110 km/hr is sensible for good roads

August 21st, 2015 at 10:00 am by David Farrar

Stuff reports:

Drivers’ appetite for a 110kmh speed limit is ramping up.

An AA report on attitudes to speed found the number of members who want to increase the open road speed limit to 110kmh has reached a strong majority.

Support for increasing the speed limit on top-rated motorways has risen steadily since 2013, from 44 per cent of members to 71 per cent.

The report was compiled from a number of AA member surveys and polls over the past four years.

A 110kmh limit has been considered for more than a year for motorways built as part of the Government’s Roads of National Significance programme.

The roads that could qualify would be flat, straight, have at least two lanes in each direction, a median barrier and good shoulder space.

They seem like sensible criteria.

The proposed 110kmh speed limit was about as fast as many people could imagine themselves driving, the report found.

AA asked members how fast they would go if there were no speed limits. Men would go as fast as 115kmh, while woman peaked at 105kmh. 

Depends. On a good road with a good car, I find 120 km/hr is a pretty good speed


Match speeds to risk

May 22nd, 2015 at 1:00 pm by David Farrar

The NZ Herald editorial:

The speed limit on any road should be appropriate to its design and condition, not the subject of a default 100km/h setting. Therefore, a good case can be made for increasing the limit on many of the country’s motorways to 110km/h. And so, too, and even more strongly, can a case be made for lowering it on many of our two-lane rural roads. The latter are, after all, the scene of a high proportion of the fatal and serious crashes in New Zealand every year.

Such was not the case last weekend when 10 people died on the roads. But that did not diminish the good sense in the call by road policing chief Assistant Commissioner Dave Cliff for some rural roads to have lower speed limits. He was reacting not to one bad weekend but to a problem that has been apparent for years and has not been tackled effectively.

As Mr Cliff suggests, many country roads, especially those with winding stretches, are simply not designed to be travelled at 100km/h. Many drivers do not have the skills or the required concentration to traverse them with a high degree of safety.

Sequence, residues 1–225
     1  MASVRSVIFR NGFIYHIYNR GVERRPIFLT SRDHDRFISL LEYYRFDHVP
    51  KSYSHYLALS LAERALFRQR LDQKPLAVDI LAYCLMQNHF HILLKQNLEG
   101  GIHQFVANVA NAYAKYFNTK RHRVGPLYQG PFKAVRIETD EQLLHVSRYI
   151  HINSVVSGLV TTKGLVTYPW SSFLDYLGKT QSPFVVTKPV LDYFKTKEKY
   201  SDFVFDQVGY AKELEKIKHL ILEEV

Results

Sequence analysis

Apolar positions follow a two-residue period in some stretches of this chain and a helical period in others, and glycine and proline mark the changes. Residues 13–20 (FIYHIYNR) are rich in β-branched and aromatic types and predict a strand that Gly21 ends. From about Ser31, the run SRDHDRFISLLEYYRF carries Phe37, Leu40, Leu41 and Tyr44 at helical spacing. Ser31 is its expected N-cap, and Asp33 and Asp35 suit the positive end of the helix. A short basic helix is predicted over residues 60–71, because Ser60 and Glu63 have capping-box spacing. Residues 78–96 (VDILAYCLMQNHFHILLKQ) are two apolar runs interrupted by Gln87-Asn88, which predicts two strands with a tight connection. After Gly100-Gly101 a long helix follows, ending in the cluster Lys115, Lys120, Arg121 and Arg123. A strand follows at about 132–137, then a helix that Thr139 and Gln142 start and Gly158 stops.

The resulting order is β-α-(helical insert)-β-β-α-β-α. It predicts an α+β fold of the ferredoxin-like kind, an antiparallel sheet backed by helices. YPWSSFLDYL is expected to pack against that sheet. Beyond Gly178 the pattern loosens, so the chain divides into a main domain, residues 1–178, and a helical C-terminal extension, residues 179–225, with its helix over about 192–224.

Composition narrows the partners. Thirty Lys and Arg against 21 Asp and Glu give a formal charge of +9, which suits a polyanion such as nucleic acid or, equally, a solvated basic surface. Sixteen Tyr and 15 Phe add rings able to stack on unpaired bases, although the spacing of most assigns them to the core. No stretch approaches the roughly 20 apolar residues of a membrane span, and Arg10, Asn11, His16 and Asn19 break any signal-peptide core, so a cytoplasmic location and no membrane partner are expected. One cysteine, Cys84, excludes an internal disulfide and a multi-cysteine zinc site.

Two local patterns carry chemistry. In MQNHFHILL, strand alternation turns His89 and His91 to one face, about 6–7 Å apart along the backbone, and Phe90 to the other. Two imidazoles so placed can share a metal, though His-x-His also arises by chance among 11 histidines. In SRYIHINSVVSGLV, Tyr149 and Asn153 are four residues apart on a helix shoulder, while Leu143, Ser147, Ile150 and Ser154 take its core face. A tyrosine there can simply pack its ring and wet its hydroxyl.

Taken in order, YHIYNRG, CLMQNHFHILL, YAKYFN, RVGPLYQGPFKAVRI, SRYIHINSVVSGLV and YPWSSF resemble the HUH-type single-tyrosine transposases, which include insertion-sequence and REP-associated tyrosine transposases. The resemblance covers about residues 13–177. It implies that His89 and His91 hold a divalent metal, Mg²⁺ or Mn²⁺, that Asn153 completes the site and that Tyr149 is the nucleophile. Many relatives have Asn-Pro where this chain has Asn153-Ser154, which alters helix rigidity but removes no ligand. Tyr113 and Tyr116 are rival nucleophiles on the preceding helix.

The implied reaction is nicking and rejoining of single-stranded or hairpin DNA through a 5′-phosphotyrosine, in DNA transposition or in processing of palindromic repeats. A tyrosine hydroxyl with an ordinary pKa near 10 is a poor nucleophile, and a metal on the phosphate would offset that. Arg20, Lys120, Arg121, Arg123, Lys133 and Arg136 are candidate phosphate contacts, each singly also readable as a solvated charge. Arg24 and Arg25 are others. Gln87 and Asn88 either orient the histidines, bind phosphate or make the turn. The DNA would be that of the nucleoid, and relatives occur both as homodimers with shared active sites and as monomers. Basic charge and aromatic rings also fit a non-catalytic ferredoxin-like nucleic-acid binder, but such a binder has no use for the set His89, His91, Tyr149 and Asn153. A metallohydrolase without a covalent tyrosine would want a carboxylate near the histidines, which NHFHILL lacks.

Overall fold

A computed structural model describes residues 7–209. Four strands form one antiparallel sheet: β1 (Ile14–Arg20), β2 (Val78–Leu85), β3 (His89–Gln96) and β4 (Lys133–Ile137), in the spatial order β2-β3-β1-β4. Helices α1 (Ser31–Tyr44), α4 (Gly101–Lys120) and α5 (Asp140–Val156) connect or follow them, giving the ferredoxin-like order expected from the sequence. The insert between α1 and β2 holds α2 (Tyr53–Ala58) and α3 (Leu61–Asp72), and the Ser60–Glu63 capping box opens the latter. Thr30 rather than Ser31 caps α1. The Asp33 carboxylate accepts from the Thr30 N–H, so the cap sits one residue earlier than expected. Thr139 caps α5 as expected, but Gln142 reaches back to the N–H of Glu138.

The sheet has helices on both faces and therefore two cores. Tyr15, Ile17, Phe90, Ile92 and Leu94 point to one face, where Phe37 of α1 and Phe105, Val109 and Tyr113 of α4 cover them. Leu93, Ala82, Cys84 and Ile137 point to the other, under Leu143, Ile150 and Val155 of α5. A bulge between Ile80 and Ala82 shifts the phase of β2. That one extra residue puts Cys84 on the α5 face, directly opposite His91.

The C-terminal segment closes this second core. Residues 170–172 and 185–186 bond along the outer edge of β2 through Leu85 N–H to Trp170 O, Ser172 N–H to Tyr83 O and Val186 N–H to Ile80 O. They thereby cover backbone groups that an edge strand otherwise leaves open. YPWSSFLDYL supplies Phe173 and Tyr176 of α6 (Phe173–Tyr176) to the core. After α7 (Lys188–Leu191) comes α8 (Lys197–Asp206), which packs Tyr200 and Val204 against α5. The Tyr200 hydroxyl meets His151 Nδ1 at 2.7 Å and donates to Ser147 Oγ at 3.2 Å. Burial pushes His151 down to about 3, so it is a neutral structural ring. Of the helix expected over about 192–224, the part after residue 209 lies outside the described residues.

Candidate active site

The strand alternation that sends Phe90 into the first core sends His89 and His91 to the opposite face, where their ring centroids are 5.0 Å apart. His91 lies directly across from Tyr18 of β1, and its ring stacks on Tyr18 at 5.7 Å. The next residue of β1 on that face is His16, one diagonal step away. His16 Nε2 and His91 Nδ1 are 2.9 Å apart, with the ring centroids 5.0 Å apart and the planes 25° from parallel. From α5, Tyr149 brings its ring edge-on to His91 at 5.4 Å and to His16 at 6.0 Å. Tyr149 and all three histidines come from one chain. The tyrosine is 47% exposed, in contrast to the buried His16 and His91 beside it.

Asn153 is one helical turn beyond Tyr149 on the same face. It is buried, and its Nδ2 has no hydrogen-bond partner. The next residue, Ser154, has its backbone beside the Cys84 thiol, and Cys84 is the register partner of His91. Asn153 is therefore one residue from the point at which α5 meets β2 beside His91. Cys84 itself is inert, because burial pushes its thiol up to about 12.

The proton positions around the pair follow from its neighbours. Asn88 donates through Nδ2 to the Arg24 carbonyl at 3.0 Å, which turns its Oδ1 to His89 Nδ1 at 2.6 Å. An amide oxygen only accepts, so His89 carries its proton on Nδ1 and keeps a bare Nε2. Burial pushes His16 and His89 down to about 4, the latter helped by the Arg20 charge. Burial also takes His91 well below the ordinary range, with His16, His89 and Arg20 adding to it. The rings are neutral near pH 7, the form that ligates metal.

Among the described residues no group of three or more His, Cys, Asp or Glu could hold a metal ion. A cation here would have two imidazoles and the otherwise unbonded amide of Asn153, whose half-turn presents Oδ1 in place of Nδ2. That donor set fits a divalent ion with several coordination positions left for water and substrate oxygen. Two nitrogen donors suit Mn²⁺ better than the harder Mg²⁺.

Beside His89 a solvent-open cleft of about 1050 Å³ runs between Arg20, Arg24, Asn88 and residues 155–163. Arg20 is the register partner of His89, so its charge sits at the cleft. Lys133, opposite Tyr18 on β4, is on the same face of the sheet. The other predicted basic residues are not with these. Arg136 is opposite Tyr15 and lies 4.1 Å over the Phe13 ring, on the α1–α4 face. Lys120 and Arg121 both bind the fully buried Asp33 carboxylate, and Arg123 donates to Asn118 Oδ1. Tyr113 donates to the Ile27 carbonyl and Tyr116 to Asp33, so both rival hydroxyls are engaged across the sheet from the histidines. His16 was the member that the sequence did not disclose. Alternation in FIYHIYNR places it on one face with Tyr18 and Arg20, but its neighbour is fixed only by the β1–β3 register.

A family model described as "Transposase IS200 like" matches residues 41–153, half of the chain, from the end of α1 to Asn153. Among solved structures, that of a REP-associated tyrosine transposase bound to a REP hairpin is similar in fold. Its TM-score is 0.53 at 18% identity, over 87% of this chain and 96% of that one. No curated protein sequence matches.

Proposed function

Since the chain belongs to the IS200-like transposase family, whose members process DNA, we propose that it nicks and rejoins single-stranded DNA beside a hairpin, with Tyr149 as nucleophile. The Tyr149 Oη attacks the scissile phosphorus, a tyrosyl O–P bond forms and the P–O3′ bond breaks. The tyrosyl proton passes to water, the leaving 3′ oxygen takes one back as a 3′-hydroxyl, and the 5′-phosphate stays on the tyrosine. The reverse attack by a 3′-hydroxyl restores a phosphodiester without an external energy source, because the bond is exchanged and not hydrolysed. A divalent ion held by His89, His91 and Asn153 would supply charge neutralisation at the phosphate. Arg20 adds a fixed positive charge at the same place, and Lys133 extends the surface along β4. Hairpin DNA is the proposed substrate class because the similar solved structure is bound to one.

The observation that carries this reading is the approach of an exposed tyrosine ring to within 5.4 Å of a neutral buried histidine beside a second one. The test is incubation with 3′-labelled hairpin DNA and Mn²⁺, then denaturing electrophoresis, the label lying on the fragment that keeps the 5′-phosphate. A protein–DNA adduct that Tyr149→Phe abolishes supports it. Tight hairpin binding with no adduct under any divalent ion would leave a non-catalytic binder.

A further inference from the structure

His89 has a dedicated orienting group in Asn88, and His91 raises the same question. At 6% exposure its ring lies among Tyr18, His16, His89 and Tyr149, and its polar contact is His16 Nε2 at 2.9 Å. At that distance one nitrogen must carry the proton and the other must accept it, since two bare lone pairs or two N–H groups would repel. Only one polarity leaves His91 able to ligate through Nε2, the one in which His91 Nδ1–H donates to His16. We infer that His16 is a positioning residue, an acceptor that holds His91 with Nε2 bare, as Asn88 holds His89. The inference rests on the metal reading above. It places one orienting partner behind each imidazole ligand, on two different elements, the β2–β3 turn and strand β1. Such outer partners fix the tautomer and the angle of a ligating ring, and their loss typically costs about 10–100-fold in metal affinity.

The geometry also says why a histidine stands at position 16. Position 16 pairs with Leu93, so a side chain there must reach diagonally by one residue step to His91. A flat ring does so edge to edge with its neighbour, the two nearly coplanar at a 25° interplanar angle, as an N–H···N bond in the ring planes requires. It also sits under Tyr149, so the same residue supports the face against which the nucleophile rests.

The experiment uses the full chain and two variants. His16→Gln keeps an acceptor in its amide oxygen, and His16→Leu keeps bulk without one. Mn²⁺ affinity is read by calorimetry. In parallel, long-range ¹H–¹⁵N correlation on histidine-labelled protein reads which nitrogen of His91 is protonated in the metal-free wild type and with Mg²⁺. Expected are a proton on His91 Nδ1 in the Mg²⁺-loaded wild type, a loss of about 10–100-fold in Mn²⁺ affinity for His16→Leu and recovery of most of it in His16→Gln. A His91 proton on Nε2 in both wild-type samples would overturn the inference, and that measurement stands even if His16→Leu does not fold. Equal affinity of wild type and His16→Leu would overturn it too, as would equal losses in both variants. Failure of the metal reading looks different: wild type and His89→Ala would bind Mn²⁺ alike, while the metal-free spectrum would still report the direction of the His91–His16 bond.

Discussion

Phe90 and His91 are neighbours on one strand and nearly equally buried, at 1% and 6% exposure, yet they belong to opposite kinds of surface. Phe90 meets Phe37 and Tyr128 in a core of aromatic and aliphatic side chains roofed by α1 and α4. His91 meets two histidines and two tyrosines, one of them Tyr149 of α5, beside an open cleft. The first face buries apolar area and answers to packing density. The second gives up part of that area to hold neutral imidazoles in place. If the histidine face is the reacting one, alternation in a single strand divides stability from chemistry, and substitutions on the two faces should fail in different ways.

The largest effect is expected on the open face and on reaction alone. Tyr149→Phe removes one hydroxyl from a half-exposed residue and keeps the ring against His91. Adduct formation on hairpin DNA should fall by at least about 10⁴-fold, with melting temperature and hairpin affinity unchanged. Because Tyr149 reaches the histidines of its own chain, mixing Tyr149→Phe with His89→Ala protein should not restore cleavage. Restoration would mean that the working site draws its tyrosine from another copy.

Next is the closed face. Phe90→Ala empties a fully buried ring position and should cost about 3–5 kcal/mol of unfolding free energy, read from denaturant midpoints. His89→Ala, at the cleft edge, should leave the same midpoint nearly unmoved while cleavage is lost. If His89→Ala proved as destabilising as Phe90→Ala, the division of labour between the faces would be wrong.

Best international practice, said Mr Cliff, would dictate that the limit should be 70 to 80km/h. At that speed, the chances of a crash being survivable would be much increased.

Some roads such as the Rimutaka Hill Road are very dangerous to do at 100 km/hr. Same with the road to Makara. Likewise many roads are safe for modern cars at 110 or 120 km/hr. I’m all for road speed limits being set based on the characteristics of each individual road.

Little supports zero tolerance for speeding

January 14th, 2015 at 2:00 pm by David Farrar

Stuff reports:

Labour leader Andrew Little labelled the review “flakey”.

Police needed time to investigate the circumstances of each accident, before leaping to any conclusions, he said. 

“[For Woodhouse] to go onto a talk-back show and get roasted and decide you are going to do something then it looks, frankly, just a little bit flakey to me,” Little said.

“If there is a debate about whether there should be a more varied range of speed limits – some open roads can accommodate 110km per hour and some can’t – that is a separate debate and we should have that at some point.

“But I am a little bit uncomfortable about this climbing into the police for enforcing the speed limits.”

Little backed police, saying he saw no problem in  “sending a signal when you know that there are peak travel times, saying that you are going to strictly enforce the law.”

So Labour’s policy is that you should be ticketed for driving at 101km/hr in a 100 km/hr zone if it is a holiday period!

Looks like zero tolerance to no longer be tolerated

January 13th, 2015 at 10:00 am by David Farrar

Police Minister Michael Woodhouse announced:

Police Minister Michael Woodhouse has asked New Zealand Police to undertake a review of the public messages that underpinned the 2014/15 Summer Road Safety campaign.

“While I firmly support Police’s zero tolerance for poor driving behaviour that can lead to death and injury on our roads, I also support the application of discretion as articulated in the 4kph summer tolerance used in fixed speed cameras and the vast majority of mobile devices,” Mr Woodhouse says.

“I have received considerable public feedback that the speed tolerance message was confusing which has led to some strong public opinions.


Considerable public feedback that the public don’t like having to check their speedos every 30 seconds to check they’re not 1 km/hr over the limit.

Good to see the Government listen to the public on this. Would have been better if they had told the Police early on it was a bad idea.

“While this is very much an operational matter for Police, I will be taking a close interest in ensuring the message about road safety is clear and unambiguous.

I predict the Police will reach the same conclusion as the Minister, and decide to get rid of the zero tolerance policy. If not, then they need a bollocking.

Herald on speed tolerance

January 7th, 2015 at 6:38 am by David Farrar

The NZ Herald editorial:

Speed, however, has remained a vexed issue. Hence there has been a progressive lowering of the police’s tolerance, culminating in the zero tolerance policy. This has been criticised by many motorists. Some of their complaints are lame. Those who say it has resulted in them spending too much time with their eyes on their speedometers betray a fundamental lack of driving ability. Nonetheless, it is clear that the police must re-examine where they are enforcing the policy.

The Automobile Association is right when it suggests a focus on drivers doing just over the limit on safe urban motorways is not the best strategy. The scrutiny, it said, should be on speeding in higher-risk areas. There are a couple of reasons for this. First, motorways are, by and large, relatively safe, so much so that the speed limit may soon be raised to 110km/h on some of them. Secondly, there is no point in alienating generally good motorists who are caught slightly over the speed limit in such areas.